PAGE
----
196) Transformers: Revenge of the Fallen (2009) Dir: Michael Bay(?) Date Released: June 25th, 2009 Rating: 0.5/5
Judging by the vitriolic onslaught of critical rancor that Michael Bay's latest film incurred, I was initially tempted to give the film a chance. I did this partly out of sheer spite for what I though to be a snobbish response to what could only be at worst a mediocre film and partly out of a misguided morbid solidarity for the filmmaker's earlier works.* That having been said, I now know better.
Bay's film is just as obnoxious, racist, sexist and unfunny as everyone including Roger Ebert have said. Bay and his screenwriters--Kurtzman and Orci, I believe, were brainwashed after writing Star Trek; it's the only logical conclusion--have made a film hellbent on chucking all that PC nonsense about treating women like people and black people like something slightly more human than Amos & Andy 2.0 out the biggest window available (IMAX!!!). They know they can get away with talking about how hot "bitches"**, cars and really big explosions are and so they do. It's hardly an acquired taste but it is one that will obviously make money. I shrug my shoulders.
Still, I cannot help but feel that at some level that Transformers 2 is some kind of revenge, a massive cinematic prank the likes of which we may never begin to comprehend. This fleeting impression struck me as soon as I saw the scene where the little Laboeuf boy was about to be raped by a robo-hottie with an overeager phallo-metallic tongue--all the better to create disturbing and new cavities in our hero's pre-pubescent body, no doubt. Using my Batman-like logic*** I thought: "sick joke....sick joke....TSUKAMOTO?!" And it all made sense: this then is the upcoming second sequel to Shinya Tsukamoto's Tetsuo, the Iron Man, the one wrapped up in rumors and secret code names.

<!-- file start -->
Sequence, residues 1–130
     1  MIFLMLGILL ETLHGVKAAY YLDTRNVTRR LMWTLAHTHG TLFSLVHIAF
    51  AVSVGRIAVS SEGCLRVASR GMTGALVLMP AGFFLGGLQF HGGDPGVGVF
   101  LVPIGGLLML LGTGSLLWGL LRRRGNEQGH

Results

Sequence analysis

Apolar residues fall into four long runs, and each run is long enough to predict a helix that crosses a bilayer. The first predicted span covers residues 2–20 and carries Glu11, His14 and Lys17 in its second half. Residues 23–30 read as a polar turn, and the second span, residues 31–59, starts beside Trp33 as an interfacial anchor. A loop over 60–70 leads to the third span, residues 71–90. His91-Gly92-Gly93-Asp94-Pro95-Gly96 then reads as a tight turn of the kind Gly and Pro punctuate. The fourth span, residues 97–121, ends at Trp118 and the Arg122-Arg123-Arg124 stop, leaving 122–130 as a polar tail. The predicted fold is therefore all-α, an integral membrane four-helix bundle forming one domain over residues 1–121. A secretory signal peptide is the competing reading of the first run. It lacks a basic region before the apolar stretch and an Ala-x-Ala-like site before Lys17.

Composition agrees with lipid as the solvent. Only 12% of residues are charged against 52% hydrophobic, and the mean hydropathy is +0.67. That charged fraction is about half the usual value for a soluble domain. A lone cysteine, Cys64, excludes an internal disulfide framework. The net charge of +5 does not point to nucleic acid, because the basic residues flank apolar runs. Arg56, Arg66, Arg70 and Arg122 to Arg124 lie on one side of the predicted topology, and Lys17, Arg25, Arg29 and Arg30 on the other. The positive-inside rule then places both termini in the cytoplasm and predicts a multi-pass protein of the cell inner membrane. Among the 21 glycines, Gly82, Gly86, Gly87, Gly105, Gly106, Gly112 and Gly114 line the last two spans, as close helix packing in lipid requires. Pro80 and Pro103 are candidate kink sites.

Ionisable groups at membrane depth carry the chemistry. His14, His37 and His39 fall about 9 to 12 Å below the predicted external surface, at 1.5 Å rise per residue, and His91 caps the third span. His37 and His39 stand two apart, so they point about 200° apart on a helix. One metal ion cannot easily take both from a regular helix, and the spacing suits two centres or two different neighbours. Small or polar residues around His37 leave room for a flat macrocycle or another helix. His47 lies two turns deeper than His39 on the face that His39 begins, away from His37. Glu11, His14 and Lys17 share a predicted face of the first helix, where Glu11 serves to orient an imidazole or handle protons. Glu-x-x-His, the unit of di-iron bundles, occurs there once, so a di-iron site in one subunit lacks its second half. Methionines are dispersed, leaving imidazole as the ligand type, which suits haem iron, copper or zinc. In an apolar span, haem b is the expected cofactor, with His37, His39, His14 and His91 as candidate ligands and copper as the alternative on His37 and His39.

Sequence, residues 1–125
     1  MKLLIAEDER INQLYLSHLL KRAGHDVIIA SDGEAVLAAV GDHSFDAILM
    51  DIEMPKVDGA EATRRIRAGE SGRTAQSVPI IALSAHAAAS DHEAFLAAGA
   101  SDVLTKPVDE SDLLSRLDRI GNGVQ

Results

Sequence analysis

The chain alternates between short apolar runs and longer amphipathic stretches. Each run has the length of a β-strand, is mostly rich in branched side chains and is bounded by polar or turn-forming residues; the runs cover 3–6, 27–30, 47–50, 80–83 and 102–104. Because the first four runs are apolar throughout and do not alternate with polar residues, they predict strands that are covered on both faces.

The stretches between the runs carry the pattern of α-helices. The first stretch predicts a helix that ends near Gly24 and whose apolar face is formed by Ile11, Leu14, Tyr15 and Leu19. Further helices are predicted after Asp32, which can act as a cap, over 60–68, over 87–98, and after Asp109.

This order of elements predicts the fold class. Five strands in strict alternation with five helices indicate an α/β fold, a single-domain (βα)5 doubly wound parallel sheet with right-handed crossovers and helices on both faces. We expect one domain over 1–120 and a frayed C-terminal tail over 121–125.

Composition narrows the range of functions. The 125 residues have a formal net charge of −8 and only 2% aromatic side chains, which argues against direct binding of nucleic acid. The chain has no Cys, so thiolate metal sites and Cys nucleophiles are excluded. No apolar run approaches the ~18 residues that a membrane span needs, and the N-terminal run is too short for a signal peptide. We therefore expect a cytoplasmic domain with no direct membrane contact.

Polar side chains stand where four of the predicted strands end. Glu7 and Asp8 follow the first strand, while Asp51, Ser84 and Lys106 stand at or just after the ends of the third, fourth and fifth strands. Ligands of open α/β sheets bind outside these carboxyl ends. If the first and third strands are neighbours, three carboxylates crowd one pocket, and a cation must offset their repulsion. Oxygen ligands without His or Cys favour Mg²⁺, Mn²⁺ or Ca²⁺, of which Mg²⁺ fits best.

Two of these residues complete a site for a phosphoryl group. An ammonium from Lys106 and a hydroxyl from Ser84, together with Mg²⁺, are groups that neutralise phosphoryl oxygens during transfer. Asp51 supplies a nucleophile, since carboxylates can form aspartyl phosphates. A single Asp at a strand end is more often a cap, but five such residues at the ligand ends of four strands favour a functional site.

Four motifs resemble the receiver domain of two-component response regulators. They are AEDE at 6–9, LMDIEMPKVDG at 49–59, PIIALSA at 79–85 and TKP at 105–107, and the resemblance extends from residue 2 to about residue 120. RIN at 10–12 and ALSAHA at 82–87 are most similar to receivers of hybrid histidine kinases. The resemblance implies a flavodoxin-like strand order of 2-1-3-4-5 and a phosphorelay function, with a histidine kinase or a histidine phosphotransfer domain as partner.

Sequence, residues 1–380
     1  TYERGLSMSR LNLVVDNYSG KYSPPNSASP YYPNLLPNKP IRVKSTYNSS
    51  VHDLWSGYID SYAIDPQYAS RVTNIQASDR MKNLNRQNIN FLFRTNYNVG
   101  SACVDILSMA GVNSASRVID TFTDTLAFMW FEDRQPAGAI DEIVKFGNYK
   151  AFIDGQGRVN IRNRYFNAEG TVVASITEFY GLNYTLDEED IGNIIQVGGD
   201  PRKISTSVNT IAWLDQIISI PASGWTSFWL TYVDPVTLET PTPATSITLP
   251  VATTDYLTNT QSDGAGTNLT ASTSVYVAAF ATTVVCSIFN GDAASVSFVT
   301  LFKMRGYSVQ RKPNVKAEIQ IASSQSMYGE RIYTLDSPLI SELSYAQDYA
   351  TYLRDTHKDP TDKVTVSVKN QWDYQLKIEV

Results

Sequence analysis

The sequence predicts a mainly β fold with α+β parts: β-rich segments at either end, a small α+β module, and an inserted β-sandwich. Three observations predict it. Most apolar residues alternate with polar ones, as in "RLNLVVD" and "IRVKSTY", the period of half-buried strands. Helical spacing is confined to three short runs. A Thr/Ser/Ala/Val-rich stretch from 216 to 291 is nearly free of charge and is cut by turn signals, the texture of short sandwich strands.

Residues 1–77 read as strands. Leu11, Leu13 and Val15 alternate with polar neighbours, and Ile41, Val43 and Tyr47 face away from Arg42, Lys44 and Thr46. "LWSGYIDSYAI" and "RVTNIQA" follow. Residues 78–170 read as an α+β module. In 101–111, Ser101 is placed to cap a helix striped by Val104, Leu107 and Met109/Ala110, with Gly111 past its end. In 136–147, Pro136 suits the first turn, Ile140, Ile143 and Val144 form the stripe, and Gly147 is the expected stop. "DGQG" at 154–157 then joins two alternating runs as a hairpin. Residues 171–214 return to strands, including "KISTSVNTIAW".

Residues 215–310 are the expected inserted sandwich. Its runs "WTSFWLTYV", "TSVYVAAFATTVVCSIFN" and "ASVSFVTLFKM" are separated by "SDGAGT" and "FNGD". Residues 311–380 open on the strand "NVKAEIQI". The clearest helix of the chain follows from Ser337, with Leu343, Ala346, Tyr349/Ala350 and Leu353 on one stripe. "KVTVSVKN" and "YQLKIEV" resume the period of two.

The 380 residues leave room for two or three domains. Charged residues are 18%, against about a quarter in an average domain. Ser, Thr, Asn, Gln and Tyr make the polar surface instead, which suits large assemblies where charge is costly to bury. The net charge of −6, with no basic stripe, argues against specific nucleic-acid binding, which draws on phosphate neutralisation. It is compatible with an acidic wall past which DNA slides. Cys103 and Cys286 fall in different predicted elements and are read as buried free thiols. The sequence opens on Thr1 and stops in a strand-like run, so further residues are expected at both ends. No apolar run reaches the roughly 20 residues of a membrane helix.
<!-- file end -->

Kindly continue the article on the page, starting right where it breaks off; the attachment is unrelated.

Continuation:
Before you knock this admittedly wild and crazy idea, think about it for a second. Transformers 2 is basically a series of volcanic explosions of the Beef's macho id. It's a perfect caricature of the All-American male's varied persecution complexes and repressed rape fantasies. The film's laundry list of psychological issues include: fear of homo-robotic penetration, fear of robot-on-human metallic intrusion, fear of women--look out, she's a robo-slut--fear of commitment, fear of abandonment, fear of the government--they're out to stop you from saving the world--and oh so much more. If this is true, and I really hope it is, there's no way to excuse Tsukamoto for this kind of cruelty--the film is a spot-on Bay send-up but is also just plain mean-spirited. Tsukamoto, you magnificent bastard, I've read your book!
*I think I like The Rock and Armageddon but I don't remember either well enough to know
**I forget the name of the Autobot that calls a woman this but it's in there somewhere
***Circa the Adam West movie
Additional note: I loved seeing Warren Ellis as the curmudgeonly old Welshman-bot that's "too old for this crep." Good casting decision.